Minister Hill to the Secretary of State.

No. 206.]

Sir: I have the honor to acknowledge receipt of department’s instruction No. 72, of March 18, 1907, inclosing a copy of a circular note to the American nonsignatories, relative to their adherence to The Hague Convention of 1899, and also the following telegram of March 29:

American Legation,
The Hague:

Minister to China reports Chinese Government assents Russian proposal adherence nonsignatories and will send telegraphic instructions.


[Page 1120]

As the circular had not been received when the telegrams of March 27 and 28 were exchanged between the department and this legation, I have thought it expedient, although the purpose of the department’s inquiry regarding the status of Turkey was clearly understood, in order to be certain that no embarrassment would arise regarding the adhesion of the American nonsignatories, to discuss the subject with the Minister for Foreign Affairs of the Netherlands in the light of this new information.

I may state, therefore, that the Government of the Netherlands shares the view that, as Turkey has not yet ratified The Hague conventions, her assent would not be necessary to the unanimous assent of the powers taking part in the First Conference. If, therefore, as stated, the assent of China has been obtained, and the assent of Belgium is given on condition that the other powers agree, unanimity has already been obtained, unless Turkey should now ratify the treaties, in which case her assent also should be requested. This would naturally be done by the Russian Government; and it is suggested that, in view of the contingency of her ratification at the last moment, Turkey should be requested to take action upon that proposal at the same time that she performs her act of ratification.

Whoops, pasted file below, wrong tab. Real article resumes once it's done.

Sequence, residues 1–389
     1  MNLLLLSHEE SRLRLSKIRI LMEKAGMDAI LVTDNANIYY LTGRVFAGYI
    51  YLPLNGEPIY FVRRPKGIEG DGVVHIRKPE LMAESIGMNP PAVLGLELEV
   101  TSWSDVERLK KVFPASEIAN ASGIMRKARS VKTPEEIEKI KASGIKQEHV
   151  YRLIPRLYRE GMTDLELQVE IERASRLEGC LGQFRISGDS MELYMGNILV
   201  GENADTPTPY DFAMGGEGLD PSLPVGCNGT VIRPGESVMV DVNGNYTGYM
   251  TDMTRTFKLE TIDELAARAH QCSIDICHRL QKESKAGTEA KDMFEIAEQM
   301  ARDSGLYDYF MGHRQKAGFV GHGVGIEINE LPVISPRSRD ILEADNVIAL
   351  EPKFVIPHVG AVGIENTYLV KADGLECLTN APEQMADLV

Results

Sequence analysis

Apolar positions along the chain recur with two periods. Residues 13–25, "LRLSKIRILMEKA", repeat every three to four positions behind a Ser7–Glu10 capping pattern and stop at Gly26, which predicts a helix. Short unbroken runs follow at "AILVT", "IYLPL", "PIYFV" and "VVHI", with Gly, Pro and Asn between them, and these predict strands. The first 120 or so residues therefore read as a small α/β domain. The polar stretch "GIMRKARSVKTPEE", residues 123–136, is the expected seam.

The minister of the Netherlands is of the opinion that no embarrassment is likely to arise with reference to the admission of the nonsignatories invited to attend the Second Conference, provided the delegates of those powers are duly provided with full powers authorizing adhesion to the conventions of 1899 by their respective Governments. It is important, however, that they should possess powers to this effect admitting of no doubt or ambiguity, as adhesion to these conventions will be necessary to admission to the conference.

The minister informs me that he will expect signatures to the protocol on the part of the assenting Governments and notification of adherence by the nonsignatories, as preliminaries of the Second Conference, and advises that these be promptly produced, in order to avoid embarrassing questions.

I have, etc.,

David J. Hill.